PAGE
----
PITTSBURG -- Results of the latest U.S. Census of Agriculture were released last week, and following a trend that has continued over the past decade, they show the total number of farms in the state decreasing as the average farm size increases.
The Census of Agriculture is taken every five years. Although the last one was in 2017, the results were not published until April 11 of this year. In 2007 there were more than 65,500 farms recorded in Kansas, a number which decreased to less than 62,000 in 2012, and most recently dipped below 60,000 for a total of 58,569 farms in the state. Over the same period the average size of Kansas farms has increased from 707 acres in 2007, to 747 in 2012, to 781 in 2017, according to the newly released figures.
“We’re seeing fewer farmers and they are getting bigger,” said Mark Nelson, director of commodities at the Kansas Farm Bureau. While changes over the period between 2012 and 2017 were not as extreme as between 2007 and 2012, Nelson said the latest census figures are “just kind of continuation of the trend.”
Crawford County appears to be following the statewide trend. In 2012, according to the Census, there were 846 farms in the county with an average size of 382 acres. In 2017, the total number of farms was down to 777, while the average acreage had increased to 431.
There are many factors behind the trend towards fewer and bigger farms, Nelson said, which actually goes back to the 1930s. While tight margins on prices of crops, dairy products and pork are impacting farmers, causing some to get out of the industry, technological advances have also made it possible for a single farmer to cover more acreage.
Jeri Geren, diversified agriculture and natural resources specialist at Wildcat Extension District, similarly said the trend towards a lower number of farms that are getting bigger on average has been ongoing for several years, and that commodity prices are not great right now, which is likely a factor in discouraging farmers to continue working in the industry.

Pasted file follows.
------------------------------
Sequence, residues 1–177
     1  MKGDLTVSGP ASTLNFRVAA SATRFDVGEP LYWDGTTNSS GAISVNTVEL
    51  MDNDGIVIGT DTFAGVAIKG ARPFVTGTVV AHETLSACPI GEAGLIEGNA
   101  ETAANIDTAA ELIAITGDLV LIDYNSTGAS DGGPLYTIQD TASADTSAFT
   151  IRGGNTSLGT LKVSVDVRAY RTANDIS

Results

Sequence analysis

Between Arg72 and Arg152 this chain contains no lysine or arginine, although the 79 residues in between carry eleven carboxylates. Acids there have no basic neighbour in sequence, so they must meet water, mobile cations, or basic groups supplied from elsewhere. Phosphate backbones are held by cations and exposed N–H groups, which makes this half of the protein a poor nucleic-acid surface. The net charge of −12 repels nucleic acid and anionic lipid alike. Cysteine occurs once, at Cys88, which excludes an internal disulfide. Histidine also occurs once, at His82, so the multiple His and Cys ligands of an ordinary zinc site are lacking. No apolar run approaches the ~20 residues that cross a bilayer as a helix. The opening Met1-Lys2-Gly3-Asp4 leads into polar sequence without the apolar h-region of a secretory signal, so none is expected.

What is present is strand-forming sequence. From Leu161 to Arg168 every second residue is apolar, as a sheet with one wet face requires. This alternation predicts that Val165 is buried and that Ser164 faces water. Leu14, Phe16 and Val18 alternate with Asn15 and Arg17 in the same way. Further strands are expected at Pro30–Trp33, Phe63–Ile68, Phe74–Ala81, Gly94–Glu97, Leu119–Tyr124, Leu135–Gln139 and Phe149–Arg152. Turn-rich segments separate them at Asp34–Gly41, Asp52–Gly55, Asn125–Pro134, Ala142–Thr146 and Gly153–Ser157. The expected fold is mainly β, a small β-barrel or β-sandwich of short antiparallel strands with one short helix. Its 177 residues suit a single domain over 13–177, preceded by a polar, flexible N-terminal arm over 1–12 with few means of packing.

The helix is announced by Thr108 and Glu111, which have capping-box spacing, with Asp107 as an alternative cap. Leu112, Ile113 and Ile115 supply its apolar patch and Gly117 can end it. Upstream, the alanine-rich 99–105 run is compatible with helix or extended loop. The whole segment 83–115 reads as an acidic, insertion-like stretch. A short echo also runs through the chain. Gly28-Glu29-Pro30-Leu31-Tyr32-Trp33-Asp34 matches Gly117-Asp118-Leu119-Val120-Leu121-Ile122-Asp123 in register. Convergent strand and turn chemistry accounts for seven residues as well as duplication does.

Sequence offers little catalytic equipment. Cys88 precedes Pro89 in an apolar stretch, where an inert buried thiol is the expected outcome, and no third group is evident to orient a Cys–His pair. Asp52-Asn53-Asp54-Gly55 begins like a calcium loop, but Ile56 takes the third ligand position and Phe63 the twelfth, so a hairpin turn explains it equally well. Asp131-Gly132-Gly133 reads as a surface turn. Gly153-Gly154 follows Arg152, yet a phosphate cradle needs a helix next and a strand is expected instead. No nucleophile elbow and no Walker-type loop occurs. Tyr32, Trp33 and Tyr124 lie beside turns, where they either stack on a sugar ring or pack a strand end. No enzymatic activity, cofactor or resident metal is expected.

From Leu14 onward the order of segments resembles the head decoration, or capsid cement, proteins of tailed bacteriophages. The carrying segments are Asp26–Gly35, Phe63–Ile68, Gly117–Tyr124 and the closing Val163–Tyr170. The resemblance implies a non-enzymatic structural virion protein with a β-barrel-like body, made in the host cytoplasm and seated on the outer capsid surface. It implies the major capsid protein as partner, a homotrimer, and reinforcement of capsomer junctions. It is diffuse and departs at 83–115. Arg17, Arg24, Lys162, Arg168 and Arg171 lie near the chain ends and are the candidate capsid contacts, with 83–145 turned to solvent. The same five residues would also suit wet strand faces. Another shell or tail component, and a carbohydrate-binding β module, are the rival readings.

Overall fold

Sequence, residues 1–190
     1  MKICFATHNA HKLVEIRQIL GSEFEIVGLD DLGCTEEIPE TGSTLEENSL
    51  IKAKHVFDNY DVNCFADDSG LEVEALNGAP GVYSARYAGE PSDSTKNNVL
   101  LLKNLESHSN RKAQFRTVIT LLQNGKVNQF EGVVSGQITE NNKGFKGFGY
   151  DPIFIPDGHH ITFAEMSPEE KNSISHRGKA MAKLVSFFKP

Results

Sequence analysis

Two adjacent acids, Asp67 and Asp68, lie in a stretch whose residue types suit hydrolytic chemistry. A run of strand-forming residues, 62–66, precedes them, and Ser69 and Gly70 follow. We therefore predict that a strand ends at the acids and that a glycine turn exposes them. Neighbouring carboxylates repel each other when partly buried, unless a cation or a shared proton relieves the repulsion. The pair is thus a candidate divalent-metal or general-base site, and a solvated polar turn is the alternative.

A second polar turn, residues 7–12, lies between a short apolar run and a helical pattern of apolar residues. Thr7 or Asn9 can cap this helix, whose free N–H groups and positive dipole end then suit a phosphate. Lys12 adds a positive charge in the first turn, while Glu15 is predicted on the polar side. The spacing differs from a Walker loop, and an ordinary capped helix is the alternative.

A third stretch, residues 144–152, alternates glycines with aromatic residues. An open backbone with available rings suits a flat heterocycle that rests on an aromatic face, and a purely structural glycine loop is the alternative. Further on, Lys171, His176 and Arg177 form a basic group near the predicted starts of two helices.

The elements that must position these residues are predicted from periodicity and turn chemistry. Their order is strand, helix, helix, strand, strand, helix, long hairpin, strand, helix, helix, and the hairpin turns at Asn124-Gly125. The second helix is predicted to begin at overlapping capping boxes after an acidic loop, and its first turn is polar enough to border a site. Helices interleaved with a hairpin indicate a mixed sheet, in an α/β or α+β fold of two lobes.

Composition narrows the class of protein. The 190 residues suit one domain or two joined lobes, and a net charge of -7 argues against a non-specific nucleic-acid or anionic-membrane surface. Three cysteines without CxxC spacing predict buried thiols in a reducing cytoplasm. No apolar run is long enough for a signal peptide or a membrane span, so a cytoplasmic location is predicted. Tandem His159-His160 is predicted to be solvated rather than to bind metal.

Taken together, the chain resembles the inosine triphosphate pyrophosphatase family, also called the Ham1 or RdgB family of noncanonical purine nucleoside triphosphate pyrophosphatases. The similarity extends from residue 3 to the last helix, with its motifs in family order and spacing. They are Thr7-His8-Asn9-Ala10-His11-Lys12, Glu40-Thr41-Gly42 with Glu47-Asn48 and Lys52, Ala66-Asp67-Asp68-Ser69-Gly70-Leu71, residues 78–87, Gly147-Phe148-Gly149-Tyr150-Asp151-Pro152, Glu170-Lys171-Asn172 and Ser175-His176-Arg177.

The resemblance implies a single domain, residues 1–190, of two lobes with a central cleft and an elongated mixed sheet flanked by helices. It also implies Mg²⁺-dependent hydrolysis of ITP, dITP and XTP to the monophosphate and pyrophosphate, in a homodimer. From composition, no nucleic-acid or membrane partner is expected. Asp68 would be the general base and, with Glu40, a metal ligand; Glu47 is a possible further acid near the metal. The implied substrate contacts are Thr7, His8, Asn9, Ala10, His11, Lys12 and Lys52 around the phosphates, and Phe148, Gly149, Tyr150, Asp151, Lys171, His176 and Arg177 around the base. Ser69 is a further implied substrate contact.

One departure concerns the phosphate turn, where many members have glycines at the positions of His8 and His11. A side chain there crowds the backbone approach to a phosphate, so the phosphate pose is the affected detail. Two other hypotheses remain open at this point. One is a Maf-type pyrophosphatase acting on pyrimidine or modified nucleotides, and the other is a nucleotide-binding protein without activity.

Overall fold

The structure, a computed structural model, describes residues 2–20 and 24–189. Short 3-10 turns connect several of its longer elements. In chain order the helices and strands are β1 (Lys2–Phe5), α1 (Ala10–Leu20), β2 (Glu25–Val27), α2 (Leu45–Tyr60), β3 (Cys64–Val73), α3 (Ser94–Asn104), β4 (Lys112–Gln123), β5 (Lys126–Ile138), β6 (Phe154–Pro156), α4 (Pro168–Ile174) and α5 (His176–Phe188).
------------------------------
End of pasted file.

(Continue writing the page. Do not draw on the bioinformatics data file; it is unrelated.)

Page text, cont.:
“If you also look at the average age of a farmer, it’s a lot higher than the average in the American workforce,” Geren said. “So as people are leaving farming, not as many people are getting into it.”
Neighboring counties have seen similar changes to those in Crawford County and the state overall. Bourbon County in 2012 had a total of 903 farms with an average size of 370 acres. This was down to 813 farms in 2017, while average farm size increased to 413 acres. Allen County had 650 farms in 2012, with an average of 377 acres. The total number of farms in Allen County decreased to 505 in 2017, while acreage of those remaining was up to 475 on average. In Neosho County there were 702 farms in 2012, with an average size of 439 acres. In 2017, the number of farms in the county had decreased to 687, while average acreage was up to 470.
While much of southeast Kansas seems fairly typical of the state as a whole, other nearby counties are bucking the statewide trend.
Cherokee County had 729 farms in 2012 with an average size of 423 acres. In 2017 the total number of farms increased to 756, while average farm size decreased just slightly to 422 acres. In Labette County, meanwhile, both the number of farms and their average size increased between 2012 and 2017, from 977 farms to 997, and from an average of 379 acres to 400.
For comparison, a similar trend to the one in Kansas has been observable in Missouri over the same time period. In 2007 the state had more than 107,000 farms, which decreased to 99,171 in 2012, and 95,320 in 2017. Average farm acreage in Missouri, meanwhile, has increased from 269 acres in 2007, to 285 in 2012, to 291 in 2017.
Barton County, Missouri, has followed the statewide trend, with 940 farms in 2012 and an average size of 353 acres. This was down to 865 farms in 2017, with an average size of 383 acres.
In Jasper County, Missouri, however, recent changes appear closer to the situation in Labette County. The total number of farms in 2012 was 1,299, averaging 190 acres. By 2017 there were 1,315 farms, while average acreage also increased to 201.
While Kansas farmers face some adversity, there are also reasons to remain optimistic.
Nelson noted that between 91 and 96 percent of Kansas farms remain family businesses, the state is still farming a lot of acreage, and the agricultural economy in the state remains strong. Nelson said that resolving international trade issues and reestablishing some foreign markets that have been impacted by those issues “would be a massive benefit” to Kansas agriculture and the state’s economy in general.
Geren said Kansas farmers continue to produce high quality crops and products, which keeps the state’s agricultural economy competitive despite challenges it faces.